Tag Archives: Experian

ProtectMyID.com 30-Day ID Protection 30 Day Trial Review

I’ve never heard of ProtectMyID before, however after some quick research online, they seem to be an up and comer in the Identity Theft Protection world.  I decided to give them a once over and sign-up for their 30-day ID Protection free trial but I also had to sign-up for a $1 credit report in the process.  An inconvenience but a small price to pay for a full 30-day free trial.

Signing up is as simple as the rest I suppose.  You enter your personal information, credit card information, then answer a couple of questions about your identity.  As long as everything checks out, you’re through to the dashboard however if you’ve mistyped anything, you may be asked to call in and answer a few more questions.

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How to Place a Fraud Alert

You can call up the credit bureaus and put a fraud alert on your account. Once you call one, it will notify the other two and the fraud alert will be active at those bureaus as well. The fraud alert warns a potential creditor to do additional due diligence before extending credit. The idea is that credit reports with a fraud alert have already been compromised so the creditor should do extra work to ensure they are giving credit to the right person. They aren’t required to but they probably will because ultimately they lose money if they give money to a thief.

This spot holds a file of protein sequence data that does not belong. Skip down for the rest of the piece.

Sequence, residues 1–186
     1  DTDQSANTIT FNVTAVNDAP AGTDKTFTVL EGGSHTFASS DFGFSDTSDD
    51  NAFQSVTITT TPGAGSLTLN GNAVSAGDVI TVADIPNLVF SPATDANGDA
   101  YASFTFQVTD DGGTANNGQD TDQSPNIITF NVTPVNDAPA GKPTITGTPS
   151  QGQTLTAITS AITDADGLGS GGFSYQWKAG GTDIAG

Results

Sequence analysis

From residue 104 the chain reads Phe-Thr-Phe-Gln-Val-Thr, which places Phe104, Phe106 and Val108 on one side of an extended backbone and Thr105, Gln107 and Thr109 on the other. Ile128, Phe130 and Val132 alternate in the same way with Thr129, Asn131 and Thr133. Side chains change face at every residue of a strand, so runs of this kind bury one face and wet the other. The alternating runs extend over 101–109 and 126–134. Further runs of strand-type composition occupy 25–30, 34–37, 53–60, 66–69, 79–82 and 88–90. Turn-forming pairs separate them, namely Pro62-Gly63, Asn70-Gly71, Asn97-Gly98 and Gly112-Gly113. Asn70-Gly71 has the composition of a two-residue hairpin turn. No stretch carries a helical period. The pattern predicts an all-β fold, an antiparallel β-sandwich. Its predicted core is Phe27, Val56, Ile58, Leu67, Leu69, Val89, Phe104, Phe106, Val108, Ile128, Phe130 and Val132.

There are two types of fraud alerts, initial fraud alert and extended fraud alerts. The initial fraud alert stays on file for 90 days while the extended version lasts for 7 years. You will need to confirm your identity to place either but an extended report requires an actual identity theft report (initial 90-day fraud alert doesn’t require this). This will make it more of a hassle to obtain credit (you’ll have to provide more information) but this is one of the things many identity theft services do on your behalf.
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What is a Credit Freeze or Security Freeze?

Credit FreezeIf you’ve been the victim of identity theft, a credit freeze is one of the best ways to stop additional fraud in its tracks.

A credit freeze effectively “seals” your credit reports with a personal identification number (PIN) so that only you, and those you give that PIN to, can access your reports. With a fraud alert, whether it’s the shorter 90-day version or the much longer 7-year variety, creditors are simply warned that they should be doing a little more diligence before extending you credit. It results in a little more work on your part, asking for information that, hopefully, an identity thief doesn’t have.
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Review Your Credit Reports Every Year

CreditJavelin Strategies reported that of the 11.1 million consumers experiencing identity theft fraud in 2009, it took an average of 21 hours to resolve them. Part of the reason it takes so long has to do with when people discover the theft in the first place. If you discover someone has stolen your identity because a debt collector is calling, you have many sleepless nights ahead of you. This underscores the importance of checking your credit report every single year. Like an annual physical, checking your credit report will serve as an early detection alarm if you have been the victim of identity theft.
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